Peter Senge has written a gem of a book called The Fifth Discipline – The Art & Practice of the Learning Organization. He has beautifully summarized in few short paragraphs the core essence of learning. Here are some extracts.
The word “Metanoia” means a shift in mind. To grasp the meaning of “metanoia” is to grasp the deeper meaning of “learning”, for learning also involves a fundamental shift or movement of mind. The word “learning organizations” tend to evoke images of sitting passively in schoolrooms, listening, following directions, and pleasing the teacher by avoiding mistakes. In effect, in everyday use, learning has come to be synonymous with “taking in information.” Yet, taking in information is only distantly related to real learning. It would be nonsensical to say, “I just read a great book about bicycle riding – I’ve now learned that.”
Real learning gets to the heart of what it means to be human. Through learning we re-create ourselves. Through learning we become able to do something we never were able to do. Through learning we reperceive the world and our relationship to it. Through learning we extend our capacity to create, to be a part of the generative process of life. There is within each of us a deep hunger for this type of learning.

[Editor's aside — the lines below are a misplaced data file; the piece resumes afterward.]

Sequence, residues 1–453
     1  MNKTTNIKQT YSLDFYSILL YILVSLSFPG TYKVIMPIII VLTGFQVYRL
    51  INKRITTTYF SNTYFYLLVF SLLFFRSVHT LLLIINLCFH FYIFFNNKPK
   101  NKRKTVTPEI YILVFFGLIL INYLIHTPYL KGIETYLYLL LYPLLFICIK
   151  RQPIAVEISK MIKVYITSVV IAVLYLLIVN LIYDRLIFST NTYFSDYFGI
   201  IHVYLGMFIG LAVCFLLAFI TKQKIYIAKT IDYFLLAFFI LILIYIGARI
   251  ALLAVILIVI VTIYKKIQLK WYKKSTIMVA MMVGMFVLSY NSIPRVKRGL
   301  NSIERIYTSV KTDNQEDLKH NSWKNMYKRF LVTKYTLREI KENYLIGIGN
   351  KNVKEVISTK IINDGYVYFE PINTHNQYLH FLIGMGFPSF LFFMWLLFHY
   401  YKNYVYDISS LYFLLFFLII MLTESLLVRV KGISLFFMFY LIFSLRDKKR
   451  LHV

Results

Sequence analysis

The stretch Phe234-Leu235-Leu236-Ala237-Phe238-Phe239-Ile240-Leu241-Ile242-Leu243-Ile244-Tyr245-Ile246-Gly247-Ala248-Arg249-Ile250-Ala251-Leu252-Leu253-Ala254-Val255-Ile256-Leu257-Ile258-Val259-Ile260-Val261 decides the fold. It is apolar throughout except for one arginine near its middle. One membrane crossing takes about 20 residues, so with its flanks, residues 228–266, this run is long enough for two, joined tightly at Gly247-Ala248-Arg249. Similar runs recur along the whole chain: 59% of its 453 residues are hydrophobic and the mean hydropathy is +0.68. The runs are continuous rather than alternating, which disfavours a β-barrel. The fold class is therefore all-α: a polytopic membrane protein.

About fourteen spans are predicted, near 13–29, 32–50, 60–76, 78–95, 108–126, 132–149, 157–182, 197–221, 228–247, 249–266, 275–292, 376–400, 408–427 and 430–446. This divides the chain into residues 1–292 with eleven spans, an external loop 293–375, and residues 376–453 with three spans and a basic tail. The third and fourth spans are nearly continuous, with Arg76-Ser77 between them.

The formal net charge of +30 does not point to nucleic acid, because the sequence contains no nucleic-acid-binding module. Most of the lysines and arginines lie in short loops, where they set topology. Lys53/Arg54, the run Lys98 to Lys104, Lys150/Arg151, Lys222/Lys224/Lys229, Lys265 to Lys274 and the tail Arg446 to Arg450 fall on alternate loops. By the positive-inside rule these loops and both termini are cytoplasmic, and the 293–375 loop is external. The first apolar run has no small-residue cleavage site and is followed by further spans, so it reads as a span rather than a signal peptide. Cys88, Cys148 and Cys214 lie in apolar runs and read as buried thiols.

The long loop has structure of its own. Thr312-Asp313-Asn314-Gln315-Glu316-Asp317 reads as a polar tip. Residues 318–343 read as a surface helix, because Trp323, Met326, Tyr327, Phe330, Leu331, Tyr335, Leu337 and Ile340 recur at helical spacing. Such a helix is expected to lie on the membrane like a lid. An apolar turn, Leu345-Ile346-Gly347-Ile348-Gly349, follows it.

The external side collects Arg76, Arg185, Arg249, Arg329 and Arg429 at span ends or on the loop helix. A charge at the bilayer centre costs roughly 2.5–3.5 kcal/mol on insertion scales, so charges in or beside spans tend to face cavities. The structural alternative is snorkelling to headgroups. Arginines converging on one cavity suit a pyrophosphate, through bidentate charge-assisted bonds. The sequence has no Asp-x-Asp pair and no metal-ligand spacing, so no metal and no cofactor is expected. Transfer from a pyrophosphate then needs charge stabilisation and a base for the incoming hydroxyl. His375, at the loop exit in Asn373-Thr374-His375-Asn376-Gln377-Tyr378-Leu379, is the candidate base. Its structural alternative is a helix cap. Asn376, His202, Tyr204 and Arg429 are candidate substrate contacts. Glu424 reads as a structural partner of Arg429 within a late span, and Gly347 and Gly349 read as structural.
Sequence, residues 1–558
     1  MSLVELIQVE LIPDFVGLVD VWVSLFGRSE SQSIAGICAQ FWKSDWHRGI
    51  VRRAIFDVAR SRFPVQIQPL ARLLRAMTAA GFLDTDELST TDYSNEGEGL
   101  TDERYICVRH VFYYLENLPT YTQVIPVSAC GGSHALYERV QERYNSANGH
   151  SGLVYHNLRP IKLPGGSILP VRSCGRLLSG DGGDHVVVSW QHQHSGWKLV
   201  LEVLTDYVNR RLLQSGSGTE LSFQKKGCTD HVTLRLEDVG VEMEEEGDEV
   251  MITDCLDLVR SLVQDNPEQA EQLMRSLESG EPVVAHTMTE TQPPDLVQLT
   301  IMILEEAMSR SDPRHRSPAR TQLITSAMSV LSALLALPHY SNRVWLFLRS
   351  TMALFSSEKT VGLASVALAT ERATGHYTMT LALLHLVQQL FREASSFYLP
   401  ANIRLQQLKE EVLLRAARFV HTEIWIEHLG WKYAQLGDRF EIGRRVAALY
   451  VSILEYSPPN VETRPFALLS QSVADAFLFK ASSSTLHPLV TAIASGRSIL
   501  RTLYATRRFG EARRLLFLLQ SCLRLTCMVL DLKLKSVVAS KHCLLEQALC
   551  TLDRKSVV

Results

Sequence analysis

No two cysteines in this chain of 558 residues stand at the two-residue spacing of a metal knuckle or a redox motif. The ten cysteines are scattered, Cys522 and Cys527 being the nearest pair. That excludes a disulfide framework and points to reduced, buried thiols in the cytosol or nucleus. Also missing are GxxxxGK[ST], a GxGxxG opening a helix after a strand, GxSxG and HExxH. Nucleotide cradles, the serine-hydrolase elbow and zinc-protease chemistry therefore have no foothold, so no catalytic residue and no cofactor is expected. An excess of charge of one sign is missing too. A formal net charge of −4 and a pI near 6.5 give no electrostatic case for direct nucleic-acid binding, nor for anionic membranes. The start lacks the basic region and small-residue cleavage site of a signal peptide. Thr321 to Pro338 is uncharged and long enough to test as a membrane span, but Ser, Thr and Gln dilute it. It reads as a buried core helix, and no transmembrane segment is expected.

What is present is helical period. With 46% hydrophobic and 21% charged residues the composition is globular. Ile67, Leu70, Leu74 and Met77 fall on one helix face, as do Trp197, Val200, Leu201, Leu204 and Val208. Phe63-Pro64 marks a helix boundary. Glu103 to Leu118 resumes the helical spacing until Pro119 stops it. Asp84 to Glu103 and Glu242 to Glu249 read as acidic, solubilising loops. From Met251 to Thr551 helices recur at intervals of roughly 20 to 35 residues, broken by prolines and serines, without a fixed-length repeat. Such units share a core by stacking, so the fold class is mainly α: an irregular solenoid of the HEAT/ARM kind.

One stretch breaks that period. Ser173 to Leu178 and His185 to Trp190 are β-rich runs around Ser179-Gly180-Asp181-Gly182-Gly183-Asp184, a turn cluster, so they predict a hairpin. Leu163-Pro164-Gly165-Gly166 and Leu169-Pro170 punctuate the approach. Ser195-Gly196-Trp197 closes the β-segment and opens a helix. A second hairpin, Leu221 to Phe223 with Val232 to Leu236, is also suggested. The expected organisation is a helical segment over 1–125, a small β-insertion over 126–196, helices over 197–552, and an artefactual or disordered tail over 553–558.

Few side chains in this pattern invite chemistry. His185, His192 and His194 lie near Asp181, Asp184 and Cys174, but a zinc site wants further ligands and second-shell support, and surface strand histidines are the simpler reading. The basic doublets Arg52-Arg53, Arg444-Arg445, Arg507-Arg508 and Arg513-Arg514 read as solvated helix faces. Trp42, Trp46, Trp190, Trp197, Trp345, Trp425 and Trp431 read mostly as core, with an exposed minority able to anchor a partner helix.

This, then, is the basic meaning of a “learning organization” – an organization that is continually expanding its capacity to create its future. For such an organization, it is not enough merely to survive. “Survival Learning” or what is more often termed “adaptive learning” is necessary. But for a “learning organization”, “adaptive learning” must be joined by “generative learning”, learning that enhances our capacity to create.